A pro-business Summer Budget from chancellor George Osborne has produced its fair share of commercial casualties on the stock market.
All businesses will get a kick out of lower corporation tax rates, which Osborne will cut from 20% to 18% in coming years. Some of these benefits will be offset by a plan to increase the minimum wage 25% by 2020 to £9 an hour. The minimum wage also appears to have been renamed the 'Living Wage'.
Losers are concentrated among buy-to-let lenders after the government took steps to take the heat out of the property market, citing it as a ‘risk to financial stability’. Estate agents stocks are also sporting hefty losses. Foxtons (FOXT) trades 3.5% lower at 213p and Countrywide (CWD) falls 3.1% to 521p.
Bank levy, buy-to-let
A reduction in the bank levy from a 0.21% charge on risky assets over the next six years will cut the tax bill of the UK’s five largest banks, with HSBC the largest beneficiary. HSBC is expected to receive a $1.6 billion bill this year linked to its global balance sheet, one of the reasons it is considering moving its headquarters overseas.
‘The measures to reduce the bank levy over time may stop a significant number of financial transactions migrating outside of the UK’, says Danny Beeton, transfer pricing economist at Duff & Phelps.
‘The movement from a bank levy to a surcharge on bank profits seeks to restrict any negative impact on financial transactions and instead tax institutions.’
Smaller lenders OneSavings (OSB), Virgin Money (VM.) and Aldermore (ADL) are moving in the other direction as Osborne announced an 8% surcharge, or tax, on bank profits from January. The chancellor is also introducing measures to stem a boom in the buy-to-let property market by taking away tax incentives.
OneSavings is down 5.7% to 294p, Virgin is down 4.5% to 414p and Aldermore trades 5.4% lower at 283p.
‘We’ve seen a sell-off in house builders, estate agencies and those linked to finance within the buy-to-let market as the government will start to taper down the amount of mortgage tax relief that can be claimed by buy-to-let landlords to the minimum tax rate from 2017,’ says Guy Ellison, head of UK equities at Investec.
Infrastructure was another key element of the budget.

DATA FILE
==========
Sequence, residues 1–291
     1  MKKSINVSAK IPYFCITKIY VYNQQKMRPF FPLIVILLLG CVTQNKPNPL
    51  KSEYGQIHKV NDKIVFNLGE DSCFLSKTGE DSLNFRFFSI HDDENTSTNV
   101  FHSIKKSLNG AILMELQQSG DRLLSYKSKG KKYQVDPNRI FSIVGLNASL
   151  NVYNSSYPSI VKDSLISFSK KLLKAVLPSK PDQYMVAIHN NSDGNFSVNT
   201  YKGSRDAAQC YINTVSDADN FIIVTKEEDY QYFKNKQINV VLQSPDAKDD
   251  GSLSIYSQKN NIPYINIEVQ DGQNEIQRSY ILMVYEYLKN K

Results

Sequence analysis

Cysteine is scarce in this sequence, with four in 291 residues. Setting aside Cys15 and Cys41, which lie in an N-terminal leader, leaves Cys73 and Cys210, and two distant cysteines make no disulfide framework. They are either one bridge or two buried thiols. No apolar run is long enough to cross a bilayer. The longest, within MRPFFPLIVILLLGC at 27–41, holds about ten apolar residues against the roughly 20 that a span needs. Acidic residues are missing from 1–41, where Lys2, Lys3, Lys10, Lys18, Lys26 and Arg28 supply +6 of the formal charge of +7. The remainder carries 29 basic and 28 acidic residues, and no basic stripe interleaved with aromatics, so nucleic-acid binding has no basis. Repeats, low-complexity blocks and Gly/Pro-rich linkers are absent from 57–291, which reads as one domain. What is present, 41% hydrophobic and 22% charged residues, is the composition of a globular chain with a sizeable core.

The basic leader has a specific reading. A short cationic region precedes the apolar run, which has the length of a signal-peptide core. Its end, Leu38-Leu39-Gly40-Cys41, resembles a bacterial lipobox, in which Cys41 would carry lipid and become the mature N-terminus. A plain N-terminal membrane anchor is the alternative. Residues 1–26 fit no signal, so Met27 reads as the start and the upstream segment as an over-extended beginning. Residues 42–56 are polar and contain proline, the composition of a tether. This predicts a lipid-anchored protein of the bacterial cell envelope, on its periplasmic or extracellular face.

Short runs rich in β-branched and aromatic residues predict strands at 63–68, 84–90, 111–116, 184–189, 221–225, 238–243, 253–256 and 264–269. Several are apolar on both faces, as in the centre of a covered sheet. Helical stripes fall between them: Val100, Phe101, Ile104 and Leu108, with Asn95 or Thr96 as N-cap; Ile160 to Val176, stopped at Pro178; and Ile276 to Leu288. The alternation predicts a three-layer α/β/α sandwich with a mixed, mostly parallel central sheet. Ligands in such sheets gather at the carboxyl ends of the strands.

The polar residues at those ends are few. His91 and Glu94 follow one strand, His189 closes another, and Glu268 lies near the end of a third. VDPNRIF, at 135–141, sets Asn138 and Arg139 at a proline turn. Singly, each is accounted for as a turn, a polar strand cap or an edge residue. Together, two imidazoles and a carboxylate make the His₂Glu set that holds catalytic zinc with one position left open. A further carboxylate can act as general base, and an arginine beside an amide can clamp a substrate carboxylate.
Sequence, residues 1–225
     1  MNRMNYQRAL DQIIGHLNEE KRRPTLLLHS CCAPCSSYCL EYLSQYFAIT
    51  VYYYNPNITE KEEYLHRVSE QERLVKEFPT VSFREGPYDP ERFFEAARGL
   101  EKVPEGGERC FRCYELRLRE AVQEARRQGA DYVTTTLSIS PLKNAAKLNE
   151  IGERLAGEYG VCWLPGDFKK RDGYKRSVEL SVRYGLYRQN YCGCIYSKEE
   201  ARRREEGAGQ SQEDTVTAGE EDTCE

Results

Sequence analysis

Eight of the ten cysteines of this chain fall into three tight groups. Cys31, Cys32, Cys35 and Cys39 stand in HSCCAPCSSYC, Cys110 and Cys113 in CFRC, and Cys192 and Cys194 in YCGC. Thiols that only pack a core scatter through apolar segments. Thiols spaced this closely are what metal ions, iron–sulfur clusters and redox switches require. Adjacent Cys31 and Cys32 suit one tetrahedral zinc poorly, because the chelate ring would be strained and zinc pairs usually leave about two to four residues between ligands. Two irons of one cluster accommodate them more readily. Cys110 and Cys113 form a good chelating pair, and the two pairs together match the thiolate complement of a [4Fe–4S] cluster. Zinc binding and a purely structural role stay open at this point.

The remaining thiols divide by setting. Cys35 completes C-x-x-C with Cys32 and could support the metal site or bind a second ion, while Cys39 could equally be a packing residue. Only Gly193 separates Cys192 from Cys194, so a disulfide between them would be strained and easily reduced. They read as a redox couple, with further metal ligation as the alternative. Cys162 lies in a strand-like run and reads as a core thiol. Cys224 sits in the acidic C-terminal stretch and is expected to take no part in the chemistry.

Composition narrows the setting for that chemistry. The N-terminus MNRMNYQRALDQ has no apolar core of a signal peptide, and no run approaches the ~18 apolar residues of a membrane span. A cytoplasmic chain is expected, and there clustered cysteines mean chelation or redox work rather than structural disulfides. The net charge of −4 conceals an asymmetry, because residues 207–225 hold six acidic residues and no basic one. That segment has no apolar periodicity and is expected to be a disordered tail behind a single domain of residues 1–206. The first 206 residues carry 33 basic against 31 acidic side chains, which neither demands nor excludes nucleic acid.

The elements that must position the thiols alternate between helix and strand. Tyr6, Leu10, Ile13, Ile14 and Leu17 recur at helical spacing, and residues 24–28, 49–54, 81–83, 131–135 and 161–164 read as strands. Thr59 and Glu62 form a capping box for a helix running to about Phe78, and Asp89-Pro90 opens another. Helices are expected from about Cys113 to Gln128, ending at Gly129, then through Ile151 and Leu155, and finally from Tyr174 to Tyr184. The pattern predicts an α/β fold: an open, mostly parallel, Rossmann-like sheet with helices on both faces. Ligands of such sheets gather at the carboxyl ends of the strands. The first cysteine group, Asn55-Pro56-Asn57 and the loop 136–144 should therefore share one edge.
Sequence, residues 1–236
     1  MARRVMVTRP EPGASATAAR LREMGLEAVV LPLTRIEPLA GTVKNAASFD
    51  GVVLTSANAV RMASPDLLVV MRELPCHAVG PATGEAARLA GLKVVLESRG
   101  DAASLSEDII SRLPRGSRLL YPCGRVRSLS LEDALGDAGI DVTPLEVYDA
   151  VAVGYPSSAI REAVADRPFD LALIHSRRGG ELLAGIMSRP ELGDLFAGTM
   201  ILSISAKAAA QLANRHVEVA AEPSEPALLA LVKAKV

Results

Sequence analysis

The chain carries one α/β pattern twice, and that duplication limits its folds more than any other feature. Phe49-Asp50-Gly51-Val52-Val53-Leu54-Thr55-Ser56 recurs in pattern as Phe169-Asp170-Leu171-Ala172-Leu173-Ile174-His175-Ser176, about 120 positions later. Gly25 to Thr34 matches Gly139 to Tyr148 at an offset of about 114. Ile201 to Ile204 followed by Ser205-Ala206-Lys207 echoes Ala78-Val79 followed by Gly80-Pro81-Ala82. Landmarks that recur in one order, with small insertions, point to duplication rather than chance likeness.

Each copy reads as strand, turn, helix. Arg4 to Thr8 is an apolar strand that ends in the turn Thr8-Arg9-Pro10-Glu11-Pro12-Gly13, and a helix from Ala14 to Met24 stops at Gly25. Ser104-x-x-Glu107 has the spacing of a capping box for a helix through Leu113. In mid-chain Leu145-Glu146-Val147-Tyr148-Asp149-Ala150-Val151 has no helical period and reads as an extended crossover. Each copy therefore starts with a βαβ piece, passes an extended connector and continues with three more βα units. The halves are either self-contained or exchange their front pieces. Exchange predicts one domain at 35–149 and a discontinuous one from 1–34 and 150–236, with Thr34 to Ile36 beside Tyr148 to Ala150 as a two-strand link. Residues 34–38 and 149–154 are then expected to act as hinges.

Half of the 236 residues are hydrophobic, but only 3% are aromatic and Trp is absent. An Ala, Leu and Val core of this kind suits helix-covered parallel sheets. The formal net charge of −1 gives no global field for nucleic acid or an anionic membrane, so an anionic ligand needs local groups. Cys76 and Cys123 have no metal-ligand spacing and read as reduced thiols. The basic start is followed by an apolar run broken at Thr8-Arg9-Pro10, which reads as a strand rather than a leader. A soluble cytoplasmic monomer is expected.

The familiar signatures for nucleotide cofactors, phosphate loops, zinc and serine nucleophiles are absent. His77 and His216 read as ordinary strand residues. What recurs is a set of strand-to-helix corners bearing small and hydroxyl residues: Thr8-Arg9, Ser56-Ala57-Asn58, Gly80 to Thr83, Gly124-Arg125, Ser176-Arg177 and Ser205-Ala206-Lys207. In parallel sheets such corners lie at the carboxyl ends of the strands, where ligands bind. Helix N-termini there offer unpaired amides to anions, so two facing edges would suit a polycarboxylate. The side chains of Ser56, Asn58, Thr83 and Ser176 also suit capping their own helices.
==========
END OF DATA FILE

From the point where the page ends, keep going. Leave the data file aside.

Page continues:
Reforms in the Vehicle Excise Duty regime are due to come into force from 2017 onwards creating a Roads Fund from the proceeds from 2020.
As acknowledged by Osborne, underinvestment in the network has over the past decade or so proved problematic and the creation of this ring-fenced resource of around £15 billion over 10 years should create a greater level of visibility for civils contractors operating in the road-building and maintenance space.
But markets met the news with relative indifference: Kier (KIE), the sector leader in a growing UK highways maintenance and management market, slides 0.3% to £13.72. Breedon Aggregates (BREE), the leading independent aggregates business in the UK after the four global majors, gains 1% to 49p.
Osborne's plans to enable councils to loosen Sunday trading hours helps the major grocers rise, among them Tesco (TSCO), up 3.55p to 204.20p, Morrisons (MRW), marked up 1.7p to 171.6p and Sainsbury's (SBRY), up 3p to 260.4p. Allowing bigger shops to open longer hours on Sunday would damage independents, but is viewed as positive for the big supermarkets.
Alongside moves to reduce tax incentives on buy-to-let properties, personal finance changes in the budget include the abolition of dividend tax credits and a proposal to adjust the treatment of pensions.
Changes in the way dividends are taxed, which includes a provision to allow £5,000 of tax free dividend income, looks like it will reduce tax paid by those with portfolios valued at less than £140,000 and increase taxation on those above the threshold.
More pension changes are also in the offing. Osborne vaguely proposed a consultation to ‘look at how pensions can be treated more like Individual Savings Accounts (ISAs)’ from a taxation perspective.
The 'Innovative Finance ISA' will be launched in April 2016 to accommodate loans arranged via a peer-to-peer lending platform.
Disclosure: William Cain, who helped to write this article, owns shares in Tesco